When the phone rings at 1 a.m., I usually ignore it. But early in the morning of March 19, 2009, I awoke to the sound of my cell phone buzzing on the nightstand. It was a call I never expected to get.
Laura Ling and Euna Lee, two of my colleagues at Current TV's documentary series, Vanguard, had been apprehended by North Korean soldiers and taken somewhere inside that black hole of a country. I sat up in bed, trying to absorb and understand what I'd just heard.
This week, Laura is finally speaking at length about her experiences, first on the Oprah Winfrey Show and then on Current in a special, very personal episode of Vanguard.
The story Laura and Euna were working on -- about women from North Korea whose lives as refugees were still fraught with danger and fear -- hadn't set off major alarms when they set out. Laura was my boss, an accomplished journalist who had reported on stories in some of the most dangerous areas of the world. She had just covered the drug trade in Juarez, Mexico -- one of the most dangerous places in the world -- and she'd worked extensively on sensitive stories in China.
Euna was an editor who normally worked only in the office, on her first trip as a field producer. Mitch Koss, the producer on the shoot, had an extensive career in journalism. He'd even previously reported on missionaries helping refugees out of North Korea -- right in the same area that he, Laura and Euna had headed out to.
When you're out in the field, you never know what may go down. Risk profiles change constantly, and what may at one moment be a perfectly "safe" story can suddenly become risky. Considering where our teams had been in the past, we've always exercised a high degree of caution on the field, constantly weighing the risks and rewards of our every move. Laura and her team were taking precautions, and it didn't seem like a story that required much risk. We had no idea that they would be in a situation where things would spiral out of control so quickly.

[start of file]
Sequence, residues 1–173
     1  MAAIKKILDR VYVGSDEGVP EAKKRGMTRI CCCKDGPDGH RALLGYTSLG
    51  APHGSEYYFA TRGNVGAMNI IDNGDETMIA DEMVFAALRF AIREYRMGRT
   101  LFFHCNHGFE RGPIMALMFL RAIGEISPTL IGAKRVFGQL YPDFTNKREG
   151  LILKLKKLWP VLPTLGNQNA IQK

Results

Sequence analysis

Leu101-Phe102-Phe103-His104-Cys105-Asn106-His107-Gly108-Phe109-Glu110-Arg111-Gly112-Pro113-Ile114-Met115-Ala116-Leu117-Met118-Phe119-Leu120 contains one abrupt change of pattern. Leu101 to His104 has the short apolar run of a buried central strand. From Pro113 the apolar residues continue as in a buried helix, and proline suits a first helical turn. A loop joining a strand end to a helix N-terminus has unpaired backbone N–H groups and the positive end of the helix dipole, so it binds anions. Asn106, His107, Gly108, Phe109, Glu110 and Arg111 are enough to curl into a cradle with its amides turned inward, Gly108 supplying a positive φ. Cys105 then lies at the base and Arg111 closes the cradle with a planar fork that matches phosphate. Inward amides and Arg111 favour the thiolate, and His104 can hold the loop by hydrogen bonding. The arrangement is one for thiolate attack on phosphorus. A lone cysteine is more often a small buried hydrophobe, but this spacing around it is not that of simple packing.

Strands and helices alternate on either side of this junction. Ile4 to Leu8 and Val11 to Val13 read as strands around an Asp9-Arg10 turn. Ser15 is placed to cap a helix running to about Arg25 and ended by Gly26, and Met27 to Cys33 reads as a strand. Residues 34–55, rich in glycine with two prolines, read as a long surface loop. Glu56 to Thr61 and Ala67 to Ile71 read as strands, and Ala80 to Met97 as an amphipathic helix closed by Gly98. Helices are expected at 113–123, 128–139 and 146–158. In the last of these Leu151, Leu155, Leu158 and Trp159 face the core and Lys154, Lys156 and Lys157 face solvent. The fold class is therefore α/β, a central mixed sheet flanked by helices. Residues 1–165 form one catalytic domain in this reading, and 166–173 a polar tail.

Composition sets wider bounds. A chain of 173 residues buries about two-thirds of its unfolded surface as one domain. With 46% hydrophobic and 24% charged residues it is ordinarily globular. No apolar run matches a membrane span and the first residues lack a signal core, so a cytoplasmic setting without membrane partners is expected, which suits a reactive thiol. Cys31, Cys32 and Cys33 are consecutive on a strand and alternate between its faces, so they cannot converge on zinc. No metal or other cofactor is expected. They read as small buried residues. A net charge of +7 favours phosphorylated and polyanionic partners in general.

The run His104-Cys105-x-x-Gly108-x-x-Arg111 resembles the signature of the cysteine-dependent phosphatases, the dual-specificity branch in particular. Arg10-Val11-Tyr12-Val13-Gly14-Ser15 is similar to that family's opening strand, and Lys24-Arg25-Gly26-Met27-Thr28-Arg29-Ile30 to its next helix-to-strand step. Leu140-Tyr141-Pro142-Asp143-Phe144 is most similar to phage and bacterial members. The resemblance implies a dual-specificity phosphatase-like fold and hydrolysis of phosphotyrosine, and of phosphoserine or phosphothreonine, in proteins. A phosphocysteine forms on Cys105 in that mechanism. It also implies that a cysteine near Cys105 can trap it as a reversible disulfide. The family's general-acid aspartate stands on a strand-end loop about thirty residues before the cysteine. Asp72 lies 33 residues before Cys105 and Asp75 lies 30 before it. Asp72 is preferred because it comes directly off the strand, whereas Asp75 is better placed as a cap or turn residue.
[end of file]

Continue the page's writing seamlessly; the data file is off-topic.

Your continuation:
That early morning after first getting the news, I braced myself, then called Current's CEO, Joel Hyatt, who quickly relayed the message to the network's chairman, Vice President Al Gore. I then reached out to Laura's and Euna's families. It was frightening and surreal.
Telling the Vanguard team proved difficult in a different way. This is a group of intrepid journalists who regularly put themselves in harm's way to report on stories they feel need to be shared with the world. As much as I couldn't stop thinking about how terrified Laura and Euna must be, I also worried what the implications would be for us -- the team Laura had assembled herself. We were in the midst of production on our third season, each story dangerous and difficult in its own unique way.
Mariana van Zeller, another Vanguard correspondent, was on assignment in Sri Lanka, and my first impulse was to talk her into coming home. She was, after all, reporting about terrorists in a war zone. But -- and I remember this so clearly -- Mariana said that, in spite of the fact that she wanted to be close to us, she couldn't. We had a job to do, an important one.
The weeks and months that Laura and Euna were held captive never became easy. While the pain couldn't compare with what they were suffering in North Korea, or what their families were enduring, everyone at Current was shaken. We had no idea how the North Korean regime would act, except unpredictably. Much of our time was spent gathering around televisions any time a piece of news would trickle out. We struggled through an emotional rollercoaster to maintain Laura's vision for the show and continue our work reporting around the world.
We knew negotiations were taking place far behind the scenes, but we had no idea when to expect a breakthrough. We were grateful to have the support of organizations such as Liberty in North Korea (LINK), which helps spirit North Koreans to freedom, as well as the Committee to Protect Journalists and Reporters without Borders, who fight for journalists' rights and safety around the world.
Occasionally, a glimmer of hope would surface. We attended candlelight vigils, sent care packages and wrote letters. Then we heard about President Bill Clinton's mission to North Korea -- and soon after Laura and Euna were finally home.
Vanguard is dedicated to responsible, fearless reporting. Our commitment to this mission is greater than ever before. As we've learned first hand, there are major dangers involved in investigative reporting. But we believe there's an even greater risk in not going after the stories that most need to be told.
"Captive in North Korea," a special Vanguard episode with Laura Ling, will air on Current TV on May 19 at 10/9c. Watch more from Vanguard here.
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